Or, rather.. why was whichever major American supplier bought and sold the gluten purchasing and distributing foodstuffs from a foreign textile company?

    (If this is indeed the case.)

  9. 4lgdfriend says:

    In light of the other products supplied by the identified Chinese source I keep asking why they are not extending the investigation to other grain glutens and other grains that may also have been contaminated. The other reason for doing this is the reports of ARF/illness in pets that ate dry food (for example Nutro) which contained no wheat gluten, but DID contain corn gluten meal and wheat.

  10. E B says:

    “Human grade” = found currently in foods bought and consumed by humans? How is everybody feeling? Is genetic alteration of the wheat suspected? Why are huge food processing businesses williing to risk adding ingredients from places where even our lame and buyable FDA has no authority? Are we still selling “surplus” wheat to Russia? What’s wrong with using some of our (presumed) safe American or Canadian grains in our own foods as well as our pets’ foods?

  11. Sean says:

    There’s just TOO much secrecy, ambiguity and apparently, foot-dragging regarding this very concerning story. Who knows how many human and animal lives are still being put at risk, yet no one seems willing to step up to the plate and demand answers and accountability. And the FDA is just as responsible as anyone for those pet deaths, as they have done little more than provide the bare minimum of facts to the public while proceeding in the slowest possible mode of action. When you have an Administration that cares more about protecting corporate interests than the lives of people and their pets, this is what happens and will continue to happen.

  12. Itchmo » Blog Archive » Chinese Manufacturer Says Gluten Bought From Another Source says:

    […] Anying Biologic Technology Development Company, named by the FDA as the source of the human-grade tainted wheat gluten, says that they bought the supplies from someone else — leading to speculation that even more […]

  13. 4lgdfriend says:

    howl911.com: “Nestle invested 80 million yuan (10.26 million U.S. dollars) in the plant and it has an annual production ability of 20,000 tons. It is the company’s first pet food plant in China.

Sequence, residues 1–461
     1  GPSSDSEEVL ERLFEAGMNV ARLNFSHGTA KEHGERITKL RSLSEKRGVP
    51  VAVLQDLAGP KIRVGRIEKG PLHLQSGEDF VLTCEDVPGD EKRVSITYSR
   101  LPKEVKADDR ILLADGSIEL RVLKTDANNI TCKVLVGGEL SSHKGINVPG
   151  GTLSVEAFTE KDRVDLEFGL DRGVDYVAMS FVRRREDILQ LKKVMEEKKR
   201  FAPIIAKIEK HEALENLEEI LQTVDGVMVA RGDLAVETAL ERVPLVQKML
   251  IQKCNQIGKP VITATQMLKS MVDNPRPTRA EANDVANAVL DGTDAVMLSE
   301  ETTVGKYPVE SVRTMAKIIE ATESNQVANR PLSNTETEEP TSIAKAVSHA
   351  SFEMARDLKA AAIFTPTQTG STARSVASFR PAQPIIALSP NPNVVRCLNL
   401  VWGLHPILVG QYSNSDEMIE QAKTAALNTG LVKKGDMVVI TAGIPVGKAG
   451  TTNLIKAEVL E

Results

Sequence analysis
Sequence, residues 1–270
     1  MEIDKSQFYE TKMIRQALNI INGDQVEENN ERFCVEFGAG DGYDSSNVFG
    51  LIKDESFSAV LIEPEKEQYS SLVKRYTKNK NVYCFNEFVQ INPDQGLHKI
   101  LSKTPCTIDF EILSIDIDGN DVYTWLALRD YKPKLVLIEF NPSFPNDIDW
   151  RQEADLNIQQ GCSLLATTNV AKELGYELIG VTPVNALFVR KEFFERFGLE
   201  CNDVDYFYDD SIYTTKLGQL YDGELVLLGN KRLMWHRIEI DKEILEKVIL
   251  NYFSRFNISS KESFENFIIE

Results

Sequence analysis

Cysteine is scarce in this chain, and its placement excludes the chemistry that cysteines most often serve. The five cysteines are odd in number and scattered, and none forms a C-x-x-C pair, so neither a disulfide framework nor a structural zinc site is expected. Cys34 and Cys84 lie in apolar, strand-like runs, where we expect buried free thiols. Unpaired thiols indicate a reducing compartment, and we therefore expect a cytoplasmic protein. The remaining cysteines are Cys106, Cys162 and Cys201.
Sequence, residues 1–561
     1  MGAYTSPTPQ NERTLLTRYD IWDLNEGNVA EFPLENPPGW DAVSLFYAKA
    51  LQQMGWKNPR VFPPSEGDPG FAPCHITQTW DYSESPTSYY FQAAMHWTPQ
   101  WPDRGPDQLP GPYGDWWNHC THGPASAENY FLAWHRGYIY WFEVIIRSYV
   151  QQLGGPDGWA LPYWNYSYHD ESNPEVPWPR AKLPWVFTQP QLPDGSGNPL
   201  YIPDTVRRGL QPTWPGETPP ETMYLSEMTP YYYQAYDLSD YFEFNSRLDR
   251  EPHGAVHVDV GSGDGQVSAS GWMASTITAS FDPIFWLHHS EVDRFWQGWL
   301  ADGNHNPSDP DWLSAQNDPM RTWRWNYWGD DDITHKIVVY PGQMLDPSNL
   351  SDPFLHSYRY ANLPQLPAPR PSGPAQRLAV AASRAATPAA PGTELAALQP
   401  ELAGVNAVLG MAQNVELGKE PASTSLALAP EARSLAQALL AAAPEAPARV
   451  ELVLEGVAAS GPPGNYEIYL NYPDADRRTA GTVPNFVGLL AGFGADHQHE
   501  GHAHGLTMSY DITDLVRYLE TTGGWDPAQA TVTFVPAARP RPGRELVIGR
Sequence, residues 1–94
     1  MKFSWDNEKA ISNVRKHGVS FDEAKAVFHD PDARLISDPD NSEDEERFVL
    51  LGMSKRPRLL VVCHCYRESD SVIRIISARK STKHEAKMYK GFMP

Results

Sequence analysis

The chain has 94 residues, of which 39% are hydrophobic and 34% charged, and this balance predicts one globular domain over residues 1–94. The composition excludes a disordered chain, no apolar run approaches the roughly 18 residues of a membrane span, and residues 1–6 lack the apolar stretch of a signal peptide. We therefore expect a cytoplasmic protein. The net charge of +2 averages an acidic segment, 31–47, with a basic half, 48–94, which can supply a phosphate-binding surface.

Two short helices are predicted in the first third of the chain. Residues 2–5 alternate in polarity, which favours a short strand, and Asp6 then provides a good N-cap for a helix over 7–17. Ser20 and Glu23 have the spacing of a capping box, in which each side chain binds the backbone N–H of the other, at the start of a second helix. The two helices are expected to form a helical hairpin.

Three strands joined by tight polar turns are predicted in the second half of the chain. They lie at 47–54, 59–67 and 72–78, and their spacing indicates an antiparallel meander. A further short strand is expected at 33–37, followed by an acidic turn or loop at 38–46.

The plant will use local-purchased raw materials including bean, corn and wheat. Its products will be sold in supermarkets, pet clinics and pet shops. ”

    In light of the other products supplied by the identified Chinese source I keep asking why they are not extending the investigation to other grain glutens and other grains that may also have been contaminated. The other reason for doing this is the reports of ARF/illness in pets that ate dry food (for example Nutro) which contained no wheat gluten, but DID contain corn gluten meal and wheat.

  14. filbert says:

    The USA Today quote, “Wheat gluten is also used in some human foods and is an important component of flour, allowing bread to rise,” is misleading. Wheat gluten is a protein that is present in certain types of flour, so yes it is a component of flour, but it is not usually added in. Gluten does not allow bread to rise; that is a result of leavening, whether it be yeast or another source of gas such as baking powder or baking soda.

    What gluten does is provide an elastic mesh of protein that makes flour based goods springy or chewy. Bread flour has a higher level of gluten since breads need more structure to maintain it’s rise, whereas all purpose flour has a mid level of gluten, good for more tender items such as cakes and muffins, while pastry flours have low levels of gluten so they make crispy and flaky goods instead of chewy. What determines the gluten content of flour is the types of grains used.

  15. PBurns says:

    For the uneasy relationship between pet food, PETA and wheat gluten, see >> http://terriermandotcom.blogsp.....luten.html

    P

  16. Sean says:

    Update: by process of elimination, ARCHER-DANIELS-MIDLAND is likely the U.S. supplier!

    http://www.democraticundergrou.....215;560863

  17. Lisa Clay says:

    I went onto the Del Monte site yesterday since I know they make people food. Turns out, the College Inn broth (mostly the chicken varieties) that they sell uses Hydrolyzed Wheat Gluten - I have no idea whether “Hydrolyzed” makes it any better, but I have my doubts. I searched through the ingredients of many of their other products and only found this in the broth. Needless to say, I will never buy another product without seeing if it contains wheat gluten.